“That Was Then!”
Sony’s BVP 300/330 Series Cameras Cemented the Company’s ENG Legacy
It was in 1974 that Sony introduced the VO-3800, the first portable U-Matic VCR. Though its design was primitive and it was never built for professional use, this 30-pound “brick” became the first portable recording device widely used in the explosive new field of professional ENG.
The 3800 recorded in color, but needed a big outboard power adapter to playback in color. This was supposed to keep the recorder light! Sony introduced the VO-3800 with a single-tube Vidicon camera called the DXC-1600.
As it had done many times before, Sony revolutionized portable video but missed its market by introducing a low-cost, non-professional camera. For several years, other vendors would supply the professional cameras—including the RCA TK-76 and Ikegami HL-77—for use with the VO-3800.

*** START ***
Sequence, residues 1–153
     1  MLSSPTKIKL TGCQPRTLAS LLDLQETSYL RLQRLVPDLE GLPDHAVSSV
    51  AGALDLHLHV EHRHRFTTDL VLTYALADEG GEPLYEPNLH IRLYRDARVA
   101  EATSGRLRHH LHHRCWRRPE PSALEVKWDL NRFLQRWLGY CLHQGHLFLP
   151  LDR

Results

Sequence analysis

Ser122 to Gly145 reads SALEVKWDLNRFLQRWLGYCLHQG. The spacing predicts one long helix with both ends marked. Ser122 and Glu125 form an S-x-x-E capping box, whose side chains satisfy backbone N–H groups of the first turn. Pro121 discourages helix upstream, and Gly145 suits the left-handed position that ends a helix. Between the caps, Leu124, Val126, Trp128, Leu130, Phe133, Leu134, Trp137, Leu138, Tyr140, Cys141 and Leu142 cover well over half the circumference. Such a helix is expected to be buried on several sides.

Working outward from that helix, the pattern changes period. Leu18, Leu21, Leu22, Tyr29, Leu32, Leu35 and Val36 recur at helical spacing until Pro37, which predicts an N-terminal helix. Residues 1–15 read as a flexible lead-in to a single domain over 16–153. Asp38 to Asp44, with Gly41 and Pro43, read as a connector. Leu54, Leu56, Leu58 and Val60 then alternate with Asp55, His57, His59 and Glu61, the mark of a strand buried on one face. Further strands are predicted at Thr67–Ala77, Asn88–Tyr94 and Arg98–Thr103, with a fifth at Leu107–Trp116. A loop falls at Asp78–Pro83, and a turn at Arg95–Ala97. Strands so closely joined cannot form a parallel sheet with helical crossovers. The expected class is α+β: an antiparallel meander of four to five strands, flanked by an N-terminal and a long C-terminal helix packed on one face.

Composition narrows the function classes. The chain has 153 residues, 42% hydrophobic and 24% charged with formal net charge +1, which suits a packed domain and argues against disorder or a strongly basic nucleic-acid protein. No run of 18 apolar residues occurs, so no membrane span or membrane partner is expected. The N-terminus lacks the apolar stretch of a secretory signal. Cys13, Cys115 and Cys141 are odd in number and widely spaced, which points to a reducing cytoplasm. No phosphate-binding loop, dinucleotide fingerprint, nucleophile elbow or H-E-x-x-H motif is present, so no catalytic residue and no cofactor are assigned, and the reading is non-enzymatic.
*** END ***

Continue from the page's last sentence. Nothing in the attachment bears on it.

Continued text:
Within a year or so, Sony would introduce the BVU-100, a professional version of the 3800. It would add XLR and BNC jacks, but still retain the basic design and bulk of the venerable 3800.
Finally, in the late 1970s, Sony introduced the BVP-300, its first three tube ENG camera. It was an OK first generation camera, but still no match for the superior Ikegami cameras. Then, in the early 1980s, Sony introduced the BVP-330, a lightweight ENG/EFP three-tube color video camera that made the company a genuine competitor in the news business.
Sony would borrow the design of the BVP-330 when it introduced the BVP-3, the first three-tube version of the highly successful Betacam in 1983.
The BVP-330 was the first Sony portable to become popular with network news crews. It weighed 18 pounds and had three Diode Gun Plumbicon tubes. There were 600 lines of resolution with 57db signal-to-noise.
Moving beyond the RCA camera that launched the ENG market, the BVP-330 offered automatic registration with digital memory, auto beam control, white and black balance, iris level and lens close, a zebra-type video level indicator, SC-horizontal phase adjustment, 2H line image enhancement and +9 and +18 db gain switches. The price was about $45,000.